SciWo reports from grading jail

i-9dc84d4d9156dccb30d5f62466b4219a-swblocks.jpgAlice is right, I have been locked in grading jail. For my amusement, and for the sake of posting something, here's a look at how I've been doing my hard time:

  • Number of intro-level papers graded: 72
  • Number of intro-level papers to go: 0 (WooHoo!)
  • Number of multiple choice questions ready to go in Blackboard for the final exam: 60
  • Number of emails received from intro-level students in the last week: greater than 30
  • Number of those emails asking how to calculate their grade or when the final exam is: greater than 20
  • Number of upper-level papers submitted: 22
  • Number of upper-level papers yet to be graded: 22 (Eeek!)
  • Amount of money spent on soda and chips for a final exam slot scheduled from 11 am to 2 pm and during which we'll be listening to presentations: $15
  • SciWo's gladness that students are doing final presentations not an exam: A number only exceeded by the students gladness about the same subject
  • Number of independent studies supervised: 3
  • Number of independent study students who need to turn in their final product: 1
  • Number of comprehensive exams I need to receive and grade: 2

As you can see, I've got another few days worth of teaching-related tasks to accomplish and then I can focus in on research again. I actually spent a fair chunk of last week focusing on research, so the grading jail of this week is partially a deferred sentence. But I'll report back if I can make early parole.

More like this

I'm teaching two classes this semester: one introductory course which is a repeat from last semester and one upper-level course with laboratory, which is a new prep. The intro course: I was reasonably happy with how this course went last semester, so by-and-large my goal is to put minimal…
An anonymous donor cashes in a $30 donation to ask: Homework solutions from intro physics through grad school physics are available online, and while working through Jackson and Goldstein problems can be miserable without some guidance, the temptation is there to plagiarize. When you teach, do you…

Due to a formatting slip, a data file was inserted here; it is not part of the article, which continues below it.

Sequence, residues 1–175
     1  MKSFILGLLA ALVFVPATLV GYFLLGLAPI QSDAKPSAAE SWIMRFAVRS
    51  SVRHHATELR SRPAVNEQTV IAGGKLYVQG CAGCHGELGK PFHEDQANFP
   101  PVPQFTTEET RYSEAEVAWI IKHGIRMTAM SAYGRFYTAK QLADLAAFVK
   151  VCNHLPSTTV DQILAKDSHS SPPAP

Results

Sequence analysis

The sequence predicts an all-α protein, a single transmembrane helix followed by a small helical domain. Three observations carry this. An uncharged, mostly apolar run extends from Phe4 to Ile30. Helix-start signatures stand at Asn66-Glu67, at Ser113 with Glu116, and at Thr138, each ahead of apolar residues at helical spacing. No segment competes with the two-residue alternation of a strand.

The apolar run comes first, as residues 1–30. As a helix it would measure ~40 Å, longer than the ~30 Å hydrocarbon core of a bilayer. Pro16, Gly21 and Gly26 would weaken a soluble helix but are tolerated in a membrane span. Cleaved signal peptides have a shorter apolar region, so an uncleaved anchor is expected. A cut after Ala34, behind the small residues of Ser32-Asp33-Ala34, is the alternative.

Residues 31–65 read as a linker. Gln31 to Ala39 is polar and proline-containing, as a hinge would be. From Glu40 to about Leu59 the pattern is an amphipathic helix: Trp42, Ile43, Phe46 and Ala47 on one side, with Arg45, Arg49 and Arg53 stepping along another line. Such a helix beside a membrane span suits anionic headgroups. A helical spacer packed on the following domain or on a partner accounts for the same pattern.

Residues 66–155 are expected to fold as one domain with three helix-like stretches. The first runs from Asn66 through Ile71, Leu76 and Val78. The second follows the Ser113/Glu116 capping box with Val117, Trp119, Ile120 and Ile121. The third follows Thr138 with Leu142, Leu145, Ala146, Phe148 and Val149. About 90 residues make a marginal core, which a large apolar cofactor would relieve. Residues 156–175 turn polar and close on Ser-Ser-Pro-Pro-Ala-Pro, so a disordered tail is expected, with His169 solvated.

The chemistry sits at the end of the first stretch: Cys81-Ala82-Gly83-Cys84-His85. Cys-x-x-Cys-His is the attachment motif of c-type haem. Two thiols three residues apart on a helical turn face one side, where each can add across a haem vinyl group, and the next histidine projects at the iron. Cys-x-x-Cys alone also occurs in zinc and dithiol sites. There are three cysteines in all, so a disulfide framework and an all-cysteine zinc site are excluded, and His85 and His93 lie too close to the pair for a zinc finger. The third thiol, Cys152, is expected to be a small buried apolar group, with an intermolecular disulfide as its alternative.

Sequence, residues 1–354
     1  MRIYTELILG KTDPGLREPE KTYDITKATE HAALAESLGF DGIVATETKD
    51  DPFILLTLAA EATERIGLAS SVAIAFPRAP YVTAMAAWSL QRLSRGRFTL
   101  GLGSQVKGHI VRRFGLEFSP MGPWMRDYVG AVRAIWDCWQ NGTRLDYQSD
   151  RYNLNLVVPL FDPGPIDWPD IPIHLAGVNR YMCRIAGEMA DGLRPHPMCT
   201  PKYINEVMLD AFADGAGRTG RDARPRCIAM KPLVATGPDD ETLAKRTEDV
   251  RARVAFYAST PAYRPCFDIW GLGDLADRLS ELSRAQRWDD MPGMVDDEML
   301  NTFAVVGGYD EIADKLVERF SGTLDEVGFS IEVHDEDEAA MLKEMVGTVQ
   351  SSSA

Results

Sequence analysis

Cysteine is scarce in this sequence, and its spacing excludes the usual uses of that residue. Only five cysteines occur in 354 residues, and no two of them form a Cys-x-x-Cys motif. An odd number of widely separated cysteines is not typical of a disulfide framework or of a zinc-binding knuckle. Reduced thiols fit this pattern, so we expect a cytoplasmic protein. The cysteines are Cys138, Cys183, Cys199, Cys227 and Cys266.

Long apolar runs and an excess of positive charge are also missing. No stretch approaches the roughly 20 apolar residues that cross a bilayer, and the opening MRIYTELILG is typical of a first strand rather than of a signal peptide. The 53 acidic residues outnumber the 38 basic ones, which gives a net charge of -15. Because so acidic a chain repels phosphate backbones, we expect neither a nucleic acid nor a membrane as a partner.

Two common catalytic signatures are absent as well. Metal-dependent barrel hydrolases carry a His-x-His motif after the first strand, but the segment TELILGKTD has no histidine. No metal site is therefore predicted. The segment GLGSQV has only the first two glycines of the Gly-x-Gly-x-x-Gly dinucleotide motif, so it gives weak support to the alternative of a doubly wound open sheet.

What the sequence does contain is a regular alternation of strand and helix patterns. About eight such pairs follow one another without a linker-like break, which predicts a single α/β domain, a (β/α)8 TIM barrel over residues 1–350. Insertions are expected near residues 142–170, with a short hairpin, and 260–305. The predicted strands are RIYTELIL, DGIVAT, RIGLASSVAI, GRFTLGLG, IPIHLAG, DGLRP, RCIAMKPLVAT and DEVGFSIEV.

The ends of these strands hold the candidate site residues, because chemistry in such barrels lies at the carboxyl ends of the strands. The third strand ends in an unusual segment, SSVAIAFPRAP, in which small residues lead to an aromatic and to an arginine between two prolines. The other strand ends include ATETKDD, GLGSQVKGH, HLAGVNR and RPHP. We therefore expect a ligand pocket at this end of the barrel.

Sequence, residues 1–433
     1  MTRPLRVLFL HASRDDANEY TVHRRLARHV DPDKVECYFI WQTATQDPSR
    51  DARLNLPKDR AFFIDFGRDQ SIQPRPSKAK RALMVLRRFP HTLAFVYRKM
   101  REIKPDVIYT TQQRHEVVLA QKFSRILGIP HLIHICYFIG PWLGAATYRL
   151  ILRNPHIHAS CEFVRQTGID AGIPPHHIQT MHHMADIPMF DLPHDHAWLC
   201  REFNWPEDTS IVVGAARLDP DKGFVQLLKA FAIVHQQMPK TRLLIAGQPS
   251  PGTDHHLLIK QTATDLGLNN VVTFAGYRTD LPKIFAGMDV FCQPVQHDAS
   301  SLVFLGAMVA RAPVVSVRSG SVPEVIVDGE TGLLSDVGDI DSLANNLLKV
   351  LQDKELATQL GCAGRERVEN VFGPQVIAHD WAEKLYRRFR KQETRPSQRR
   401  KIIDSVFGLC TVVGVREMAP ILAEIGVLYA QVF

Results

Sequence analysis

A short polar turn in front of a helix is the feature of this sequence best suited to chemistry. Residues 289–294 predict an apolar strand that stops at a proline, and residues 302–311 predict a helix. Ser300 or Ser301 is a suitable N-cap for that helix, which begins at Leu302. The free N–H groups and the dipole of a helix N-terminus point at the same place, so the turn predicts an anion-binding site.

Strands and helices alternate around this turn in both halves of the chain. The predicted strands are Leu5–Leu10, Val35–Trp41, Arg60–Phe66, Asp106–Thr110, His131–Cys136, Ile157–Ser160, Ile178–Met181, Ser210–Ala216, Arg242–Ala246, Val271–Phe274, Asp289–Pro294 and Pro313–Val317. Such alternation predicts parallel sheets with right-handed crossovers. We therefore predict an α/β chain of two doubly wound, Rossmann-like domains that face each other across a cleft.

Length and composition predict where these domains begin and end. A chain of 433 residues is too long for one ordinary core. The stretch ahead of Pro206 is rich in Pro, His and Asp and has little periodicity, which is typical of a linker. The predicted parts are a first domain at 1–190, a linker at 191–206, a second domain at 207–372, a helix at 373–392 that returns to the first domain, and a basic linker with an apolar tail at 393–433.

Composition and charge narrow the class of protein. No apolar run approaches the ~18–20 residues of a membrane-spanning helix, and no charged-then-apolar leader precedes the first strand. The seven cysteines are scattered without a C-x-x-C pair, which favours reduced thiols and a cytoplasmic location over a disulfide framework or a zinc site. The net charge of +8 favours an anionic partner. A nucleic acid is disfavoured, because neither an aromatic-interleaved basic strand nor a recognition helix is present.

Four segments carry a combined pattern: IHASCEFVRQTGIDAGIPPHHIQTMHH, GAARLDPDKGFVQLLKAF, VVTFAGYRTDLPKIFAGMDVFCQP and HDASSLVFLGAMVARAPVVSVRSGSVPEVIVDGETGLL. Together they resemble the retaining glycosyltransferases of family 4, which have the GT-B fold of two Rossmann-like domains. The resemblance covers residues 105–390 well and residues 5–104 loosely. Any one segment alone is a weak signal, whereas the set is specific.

The scare quotes in the title are to distinguish "Modern Physics" classes like the one I'm teaching this term from modern physics as a general subject, which, of course, all right-thinking people should study in depth. The question comes from a comment by Coriolis on last week's post about what "…
By the numbers: Exams graded: 16 Mean exam grade: 64% Mean final grade for Physics 121: B- Papers assigned: 17 Papers received and graded: 16 Mean final grade for Physics 311: B+ Students receiving grades of Incomplete: 1 Large bottles of Scottish ale drunk while watching "Dr. Who": 1 And another…

Have you professor types invented a grading wiki that anonymizes everyone's answers, posts them on a discussion forum, and then lets the students argue about them after the fact in an attempt to find a consensus? It would probably decrease grading time and be a useful tool for identifying good vs bad exam questions.

Does Mystery U not believe in TAs? I ask this as a grad student who just finished grading those intro level papers.

By hydropsyche (not verified) on 06 May 2009 #permalink